|Publication number||US4928821 A|
|Application number||US 07/216,893|
|Publication date||May 29, 1990|
|Filing date||Jul 8, 1988|
|Priority date||Jul 8, 1988|
|Publication number||07216893, 216893, US 4928821 A, US 4928821A, US-A-4928821, US4928821 A, US4928821A|
|Inventors||William R. Belko, Jr.|
|Original Assignee||Belko Jr William R|
|Export Citation||BiBTeX, EndNote, RefMan|
|Patent Citations (11), Referenced by (17), Classifications (11), Legal Events (3)|
|External Links: USPTO, USPTO Assignment, Espacenet|
This invention relates generally to the processing of miniature electronic components, e.g., ceramic chip capacitors and resistors. More particularly the present invention relates to a device for holding and moving such components during various stages in their manufacture and testing.
The size and shape of miniature electronic components complicates automatic and batch processing. Typically fabricated in monolithic form with brick like shapes and squared edges, these difficult to handle components require precision handling techniques and equipment if they are to be processed efficiently.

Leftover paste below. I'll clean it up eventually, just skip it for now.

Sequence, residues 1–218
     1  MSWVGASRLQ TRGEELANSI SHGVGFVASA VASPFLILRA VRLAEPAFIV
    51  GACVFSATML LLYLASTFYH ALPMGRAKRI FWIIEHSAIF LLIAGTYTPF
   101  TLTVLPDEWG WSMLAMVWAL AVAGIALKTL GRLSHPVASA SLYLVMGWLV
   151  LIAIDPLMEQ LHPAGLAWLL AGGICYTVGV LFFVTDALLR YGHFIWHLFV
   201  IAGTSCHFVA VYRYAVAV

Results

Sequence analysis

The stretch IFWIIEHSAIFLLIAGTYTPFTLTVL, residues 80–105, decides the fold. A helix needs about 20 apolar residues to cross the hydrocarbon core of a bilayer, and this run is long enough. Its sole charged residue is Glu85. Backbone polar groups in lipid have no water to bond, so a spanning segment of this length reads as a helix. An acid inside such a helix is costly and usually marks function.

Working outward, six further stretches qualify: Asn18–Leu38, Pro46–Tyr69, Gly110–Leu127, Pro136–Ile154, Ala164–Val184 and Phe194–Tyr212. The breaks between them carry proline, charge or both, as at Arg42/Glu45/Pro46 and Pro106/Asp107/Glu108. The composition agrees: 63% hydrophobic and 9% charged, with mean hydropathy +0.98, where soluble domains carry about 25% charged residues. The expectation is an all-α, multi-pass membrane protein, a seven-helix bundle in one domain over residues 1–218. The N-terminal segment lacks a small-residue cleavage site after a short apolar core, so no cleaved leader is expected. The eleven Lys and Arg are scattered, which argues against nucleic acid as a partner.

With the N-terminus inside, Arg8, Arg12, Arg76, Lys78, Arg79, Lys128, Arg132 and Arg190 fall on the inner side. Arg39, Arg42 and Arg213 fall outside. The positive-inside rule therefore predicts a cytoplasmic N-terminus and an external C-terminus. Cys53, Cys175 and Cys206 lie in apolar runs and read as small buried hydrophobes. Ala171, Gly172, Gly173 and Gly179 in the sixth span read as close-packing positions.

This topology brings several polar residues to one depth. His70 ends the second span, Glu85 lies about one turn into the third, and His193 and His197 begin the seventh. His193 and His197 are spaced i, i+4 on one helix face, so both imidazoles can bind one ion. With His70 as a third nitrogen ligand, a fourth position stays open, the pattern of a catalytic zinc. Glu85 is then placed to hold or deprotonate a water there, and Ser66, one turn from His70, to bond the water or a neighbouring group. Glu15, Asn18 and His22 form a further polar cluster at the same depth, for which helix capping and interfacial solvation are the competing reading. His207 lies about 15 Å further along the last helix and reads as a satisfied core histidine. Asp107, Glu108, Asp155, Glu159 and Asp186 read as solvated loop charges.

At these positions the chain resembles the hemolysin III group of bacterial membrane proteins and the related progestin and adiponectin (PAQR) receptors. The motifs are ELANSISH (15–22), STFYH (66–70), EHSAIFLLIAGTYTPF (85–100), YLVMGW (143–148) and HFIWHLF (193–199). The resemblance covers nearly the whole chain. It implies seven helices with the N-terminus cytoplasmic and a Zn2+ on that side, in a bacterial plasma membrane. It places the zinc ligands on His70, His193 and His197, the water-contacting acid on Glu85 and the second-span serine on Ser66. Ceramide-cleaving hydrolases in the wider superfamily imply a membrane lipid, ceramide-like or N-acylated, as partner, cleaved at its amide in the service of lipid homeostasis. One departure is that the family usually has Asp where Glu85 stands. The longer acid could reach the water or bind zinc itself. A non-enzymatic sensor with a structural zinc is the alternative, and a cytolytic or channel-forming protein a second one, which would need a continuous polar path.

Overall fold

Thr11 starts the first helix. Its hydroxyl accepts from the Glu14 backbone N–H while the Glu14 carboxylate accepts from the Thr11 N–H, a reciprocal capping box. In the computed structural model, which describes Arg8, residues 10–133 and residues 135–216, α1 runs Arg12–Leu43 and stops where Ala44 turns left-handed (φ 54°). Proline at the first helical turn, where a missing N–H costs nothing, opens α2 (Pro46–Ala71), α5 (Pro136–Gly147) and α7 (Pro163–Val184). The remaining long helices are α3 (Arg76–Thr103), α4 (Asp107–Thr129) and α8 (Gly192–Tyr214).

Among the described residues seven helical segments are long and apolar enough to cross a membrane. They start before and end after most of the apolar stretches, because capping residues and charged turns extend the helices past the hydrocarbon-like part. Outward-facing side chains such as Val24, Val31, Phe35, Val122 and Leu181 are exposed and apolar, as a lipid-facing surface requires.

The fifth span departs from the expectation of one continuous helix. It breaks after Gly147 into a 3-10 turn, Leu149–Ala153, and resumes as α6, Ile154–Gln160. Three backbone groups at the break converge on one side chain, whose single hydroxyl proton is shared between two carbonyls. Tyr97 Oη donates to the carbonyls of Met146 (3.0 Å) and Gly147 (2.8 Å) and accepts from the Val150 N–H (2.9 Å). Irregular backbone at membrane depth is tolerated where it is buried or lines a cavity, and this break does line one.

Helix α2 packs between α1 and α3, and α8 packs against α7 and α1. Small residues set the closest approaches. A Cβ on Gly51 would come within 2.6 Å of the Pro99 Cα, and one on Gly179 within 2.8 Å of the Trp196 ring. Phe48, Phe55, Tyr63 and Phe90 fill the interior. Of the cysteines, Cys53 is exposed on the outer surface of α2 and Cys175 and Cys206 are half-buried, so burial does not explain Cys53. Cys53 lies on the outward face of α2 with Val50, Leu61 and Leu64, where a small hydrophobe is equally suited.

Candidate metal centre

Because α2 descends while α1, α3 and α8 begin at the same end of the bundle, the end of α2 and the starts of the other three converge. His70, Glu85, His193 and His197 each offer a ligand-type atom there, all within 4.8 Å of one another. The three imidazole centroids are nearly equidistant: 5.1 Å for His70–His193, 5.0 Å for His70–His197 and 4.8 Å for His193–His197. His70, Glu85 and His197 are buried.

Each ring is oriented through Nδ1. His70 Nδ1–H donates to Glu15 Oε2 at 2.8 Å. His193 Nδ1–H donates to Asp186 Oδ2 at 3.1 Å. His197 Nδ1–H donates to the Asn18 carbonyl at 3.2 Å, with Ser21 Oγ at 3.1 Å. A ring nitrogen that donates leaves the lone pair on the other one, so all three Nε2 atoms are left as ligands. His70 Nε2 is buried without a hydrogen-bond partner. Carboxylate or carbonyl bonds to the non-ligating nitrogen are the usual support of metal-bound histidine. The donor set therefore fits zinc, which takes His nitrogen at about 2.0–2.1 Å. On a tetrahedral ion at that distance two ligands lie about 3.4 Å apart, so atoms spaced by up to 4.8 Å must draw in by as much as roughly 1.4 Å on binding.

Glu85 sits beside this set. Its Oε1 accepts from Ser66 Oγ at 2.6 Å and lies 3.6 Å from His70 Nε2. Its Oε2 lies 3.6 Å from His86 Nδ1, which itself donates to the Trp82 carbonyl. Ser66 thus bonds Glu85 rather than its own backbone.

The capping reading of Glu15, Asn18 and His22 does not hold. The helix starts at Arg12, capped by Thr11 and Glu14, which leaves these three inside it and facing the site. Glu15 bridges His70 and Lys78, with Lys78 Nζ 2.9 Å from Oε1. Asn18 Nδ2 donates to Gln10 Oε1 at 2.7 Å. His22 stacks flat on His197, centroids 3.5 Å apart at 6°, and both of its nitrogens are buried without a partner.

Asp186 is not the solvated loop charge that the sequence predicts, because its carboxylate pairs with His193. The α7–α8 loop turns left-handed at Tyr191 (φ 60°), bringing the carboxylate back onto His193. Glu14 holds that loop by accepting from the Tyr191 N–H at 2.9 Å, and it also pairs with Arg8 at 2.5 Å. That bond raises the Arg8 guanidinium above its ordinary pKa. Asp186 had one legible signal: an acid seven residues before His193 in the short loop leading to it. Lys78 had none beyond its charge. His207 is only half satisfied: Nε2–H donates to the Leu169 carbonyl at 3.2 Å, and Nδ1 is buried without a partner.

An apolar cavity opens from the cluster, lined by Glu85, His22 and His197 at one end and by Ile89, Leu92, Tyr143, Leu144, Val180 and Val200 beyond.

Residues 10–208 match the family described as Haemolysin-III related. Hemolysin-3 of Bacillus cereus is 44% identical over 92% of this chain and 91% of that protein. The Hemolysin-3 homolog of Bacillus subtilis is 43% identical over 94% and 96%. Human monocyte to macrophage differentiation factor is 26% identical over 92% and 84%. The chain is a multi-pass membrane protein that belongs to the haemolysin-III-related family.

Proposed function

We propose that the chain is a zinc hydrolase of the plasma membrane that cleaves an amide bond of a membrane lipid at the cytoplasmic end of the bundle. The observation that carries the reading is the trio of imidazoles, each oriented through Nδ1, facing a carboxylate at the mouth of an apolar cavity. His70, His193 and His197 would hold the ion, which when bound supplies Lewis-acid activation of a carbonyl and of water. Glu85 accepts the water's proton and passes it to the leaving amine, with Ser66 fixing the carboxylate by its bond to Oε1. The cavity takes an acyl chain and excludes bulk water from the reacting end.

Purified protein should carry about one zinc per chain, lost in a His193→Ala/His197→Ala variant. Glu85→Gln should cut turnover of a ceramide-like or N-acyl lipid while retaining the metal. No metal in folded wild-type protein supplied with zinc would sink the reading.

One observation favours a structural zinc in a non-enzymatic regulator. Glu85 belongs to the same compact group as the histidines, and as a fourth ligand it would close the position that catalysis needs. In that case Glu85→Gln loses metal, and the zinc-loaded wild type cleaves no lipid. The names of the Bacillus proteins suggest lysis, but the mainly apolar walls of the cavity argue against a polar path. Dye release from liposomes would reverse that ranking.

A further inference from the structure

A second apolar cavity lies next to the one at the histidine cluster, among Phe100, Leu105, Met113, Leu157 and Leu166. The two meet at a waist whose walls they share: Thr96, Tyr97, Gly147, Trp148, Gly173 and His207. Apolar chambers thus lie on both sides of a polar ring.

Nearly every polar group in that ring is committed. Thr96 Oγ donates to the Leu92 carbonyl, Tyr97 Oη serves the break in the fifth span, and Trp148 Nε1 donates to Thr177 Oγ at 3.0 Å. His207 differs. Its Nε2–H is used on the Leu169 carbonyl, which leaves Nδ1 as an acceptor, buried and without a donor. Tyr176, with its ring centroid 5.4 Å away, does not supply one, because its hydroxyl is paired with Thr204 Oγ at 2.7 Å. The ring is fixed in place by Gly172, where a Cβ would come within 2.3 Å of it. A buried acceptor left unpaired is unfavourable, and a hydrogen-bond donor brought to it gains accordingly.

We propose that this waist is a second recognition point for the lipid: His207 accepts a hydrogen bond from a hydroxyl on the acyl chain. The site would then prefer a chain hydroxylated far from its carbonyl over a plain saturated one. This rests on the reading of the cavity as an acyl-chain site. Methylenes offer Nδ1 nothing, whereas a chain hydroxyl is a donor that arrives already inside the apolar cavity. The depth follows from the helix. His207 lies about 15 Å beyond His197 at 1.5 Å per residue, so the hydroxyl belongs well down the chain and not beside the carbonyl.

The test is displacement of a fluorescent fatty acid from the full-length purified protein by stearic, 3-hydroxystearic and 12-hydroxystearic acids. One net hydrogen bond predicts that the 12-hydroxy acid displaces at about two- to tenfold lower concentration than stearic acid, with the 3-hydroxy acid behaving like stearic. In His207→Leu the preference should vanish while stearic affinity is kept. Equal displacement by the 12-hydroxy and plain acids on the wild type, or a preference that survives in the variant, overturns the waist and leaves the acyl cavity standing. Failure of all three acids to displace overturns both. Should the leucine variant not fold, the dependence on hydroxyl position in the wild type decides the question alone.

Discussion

End coating of chip capacitors provides a case in point. The ends are coated with metal to electrically interconnect the electrode layers of the capacitor. The end coating also provides a suitable site for soldering and, thus, subsequent electrical and mechanical connection to an electronic circuit. The coating is usually applied by dipping the capacitor into, or spraying a metal-based paint or sputtering metal directly onto, the end of the component.
The typical holding fixture, shown for example in U.S. Pat. Nos. 4,669,416, 4,395,184, 4,393,808, and 4,381,321 comprises a metal plate having holes lined with an elastomeric material. The holes are round and smaller than the components they are intended to hold.